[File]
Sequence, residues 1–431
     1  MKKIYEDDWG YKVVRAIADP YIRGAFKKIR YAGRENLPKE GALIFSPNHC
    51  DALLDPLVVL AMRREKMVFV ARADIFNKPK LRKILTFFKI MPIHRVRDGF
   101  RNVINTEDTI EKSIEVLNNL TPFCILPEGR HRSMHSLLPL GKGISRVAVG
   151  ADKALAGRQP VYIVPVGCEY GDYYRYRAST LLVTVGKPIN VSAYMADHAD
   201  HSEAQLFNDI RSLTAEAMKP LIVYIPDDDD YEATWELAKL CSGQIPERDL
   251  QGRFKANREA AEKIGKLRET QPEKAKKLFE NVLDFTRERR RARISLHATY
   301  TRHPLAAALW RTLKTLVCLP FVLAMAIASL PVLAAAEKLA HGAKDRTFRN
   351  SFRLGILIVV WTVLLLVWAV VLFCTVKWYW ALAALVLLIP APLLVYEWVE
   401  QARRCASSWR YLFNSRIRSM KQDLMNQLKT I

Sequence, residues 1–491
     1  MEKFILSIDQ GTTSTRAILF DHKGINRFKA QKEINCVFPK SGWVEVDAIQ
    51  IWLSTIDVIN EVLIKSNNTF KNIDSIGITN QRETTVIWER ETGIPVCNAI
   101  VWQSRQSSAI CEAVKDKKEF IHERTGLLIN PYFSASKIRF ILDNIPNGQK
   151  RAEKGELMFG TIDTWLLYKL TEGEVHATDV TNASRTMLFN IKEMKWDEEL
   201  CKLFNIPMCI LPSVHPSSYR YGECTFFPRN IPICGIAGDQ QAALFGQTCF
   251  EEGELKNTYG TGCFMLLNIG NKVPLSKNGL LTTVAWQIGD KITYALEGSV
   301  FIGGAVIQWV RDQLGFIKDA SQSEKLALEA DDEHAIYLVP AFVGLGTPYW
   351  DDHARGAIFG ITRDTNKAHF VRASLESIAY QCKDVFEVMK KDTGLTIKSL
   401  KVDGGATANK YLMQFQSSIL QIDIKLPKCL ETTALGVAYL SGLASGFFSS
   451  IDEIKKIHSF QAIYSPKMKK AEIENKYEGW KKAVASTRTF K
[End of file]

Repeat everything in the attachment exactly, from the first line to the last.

Sequence, residues 1–431
     1  MKKIYEDDWG YKVVRAIADP YIRGAFKKIR YAGRENLPKE GALIFSPNHC
    51  DALLDPLVVL AMRREKMVFV ARADIFNKPK LRKILTFFKI MPIHRVRDGF
   101  RNVINTEDTI EKSIEVLNNL TPFCILPEGR HRSMHSLLPL GKGISRVAVG
   151  ADKALAGRQP VYIVPVGCEY GDYYRYRAST LLVTVGKPIN VSAYMADHAD
   201  HSEAQLFNDI RSLTAEAMKP LIVYIPDDDD YEATWELAKL CSGQIPERDL
   251  QGRFKANREA AEKIGKLRET QPEKAKKLFE NVLDFTRERR RARISLHATY
   301  TRHPLAAALW RTLKTLVCLP FVLAMAIASL PVLAAAEKLA HGAKDRTFRN
   351  SFRLGILIVV WTVLLLVWAV VLFCTVKWYW ALAALVLLIP APLLVYEWVE
   401  QARRCASSWR YLFNSRIRSM KQDLMNQLKT I

Sequence, residues 1–491
     1  MEKFILSIDQ GTTSTRAILF DHKGINRFKA QKEINCVFPK SGWVEVDAIQ
    51  IWLSTIDVIN EVLIKSNNTF KNIDSIGITN QRETTVIWER ETGIPVCNAI
   101  VWQSRQSSAI CEAVKDKKEF IHERTGLLIN PYFSASKIRF ILDNIPNGQK
   151  RAEKGELMFG TIDTWLLYKL TEGEVHATDV TNASRTMLFN IKEMKWDEEL
   201  CKLFNIPMCI LPSVHPSSYR YGECTFFPRN IPICGIAGDQ QAALFGQTCF
   251  EEGELKNTYG TGCFMLLNIG NKVPLSKNGL LTTVAWQIGD KITYALEGSV
   301  FIGGAVIQWV RDQLGFIKDA SQSEKLALEA DDEHAIYLVP AFVGLGTPYW
   351  DDHARGAIFG ITRDTNKAHF VRASLESIAY QCKDVFEVMK KDTGLTIKSL
   401  KVDGGATANK YLMQFQSSIL QIDIKLPKCL ETTALGVAYL SGLASGFFSS
   451  IDEIKKIHSF QAIYSPKMKK AEIENKYEGW KKAVASTRTF K